BOSTON--(BUSINESS WIRE)--Fidelity Charitable®, an independent public charity and the nation’s largest grantmaker, today released “Communities in crisis: How donors are responding to COVID-19,” which examined granting activity by Fidelity Charitable® Giving Accounts in all 50 states during the first four months of 2020, compared to the same period in 2019. As the COVID-19 pandemic swept through the world in the first four months of this year, donors dramatically increased their support in response to breakdowns in the medical system and mass unemployment. Yet they did not waver in their support of the nonprofit sector as a whole and maintained normal levels of support for other charitable causes in areas such as Arts & Culture, Environment & Animals and Religion.
“We are heartened to see that our donors rallied to increase support for the most immediate needs caused by this pandemic, while continuing the same level of support for charities they have always cared about,” said Pamela Norley, president of Fidelity Charitable. “Support for all charities is good news for a nonprofit sector struggling to deliver their services at a time of strained resources and increased need. We continue to challenge our donors to support charities throughout the year. The nonprofit sector is the nation’s third largest employer and represents about 10 percent of America’s workforce. It must be sustained.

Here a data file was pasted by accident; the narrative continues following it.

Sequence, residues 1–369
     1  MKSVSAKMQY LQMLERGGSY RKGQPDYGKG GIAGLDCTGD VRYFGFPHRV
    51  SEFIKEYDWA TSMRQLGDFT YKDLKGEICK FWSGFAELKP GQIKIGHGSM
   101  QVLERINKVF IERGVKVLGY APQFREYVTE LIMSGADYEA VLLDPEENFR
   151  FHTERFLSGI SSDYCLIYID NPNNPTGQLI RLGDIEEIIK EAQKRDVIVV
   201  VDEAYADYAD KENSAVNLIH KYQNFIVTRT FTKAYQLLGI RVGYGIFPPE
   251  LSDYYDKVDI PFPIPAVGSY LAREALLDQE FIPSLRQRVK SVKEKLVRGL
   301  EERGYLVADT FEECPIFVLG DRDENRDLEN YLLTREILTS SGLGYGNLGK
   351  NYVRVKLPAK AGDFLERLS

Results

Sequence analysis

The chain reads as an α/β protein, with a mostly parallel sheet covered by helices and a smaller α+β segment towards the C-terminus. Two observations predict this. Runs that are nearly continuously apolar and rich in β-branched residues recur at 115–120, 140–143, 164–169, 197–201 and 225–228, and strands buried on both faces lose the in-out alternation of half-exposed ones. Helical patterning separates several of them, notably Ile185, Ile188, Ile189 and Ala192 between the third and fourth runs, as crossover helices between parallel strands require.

Grant volumes recommended by donors in every region skyrocketed 28 percent or more, as donors in 38 states and Washington, D.C. made a local food bank or homeless shelter the most popular nonprofit, compared to only six states in 2019.
Yet even as grant dollars to free food programs increased 667 percent nationwide, donors sustained or increased support for all nonprofit sectors, with the exception of Education. The small decrease might be donors in the Northeast reallocating their support to Human Services organizations as they weathered widespread outbreaks of COVID-19.
About half of grant dollars went to charities within a donor’s home state, also similar to 2019. However, grants specifically designated for COVID-19 response deviated from those patterns. Areas experiencing higher caseloads of COVID-19, such as New York, kept more of their pandemic-designated support closer to home. In other areas of the country that were less hard hit, a greater percentage of COVID-19-designated support went to nonprofits out-of-state, indicating they may have been directed to help harder hit areas.
“Donor-advised funds have become a powerful sustaining force for philanthropy as these dedicated charitable resources are generally insulated from the effects of what is happening in the larger economy,” said Norley. “As their adoption increases, donor-advised funds can continue to scale to support a large number of nonprofits that need help in a crisis. Recovery from COVID-19 will be a marathon and not a sprint, and we encourage our donors to continue to respond to the ongoing needs.”
Find details by region or state here.
Methodology: This analysis examines the grantmaking activity of Fidelity Charitable’s nearly 140,000 Giving Accounts from January 1 to April 30, 2020, in comparison to the same time period in 2019. The data was obtained from Fidelity Charitable’s internal reporting database.
About Fidelity Charitable
Fidelity Charitable is an independent public charity that has helped donors support more than 300,000 nonprofit organizations with $42 billion in grants. Established in 1991, Fidelity Charitable launched the first national donor-advised fund program. The mission of the organization is to grow the American tradition of philanthropy by providing programs that make charitable giving accessible, simple and effective. For more information about Fidelity Charitable, visit www.fidelitycharitable.org.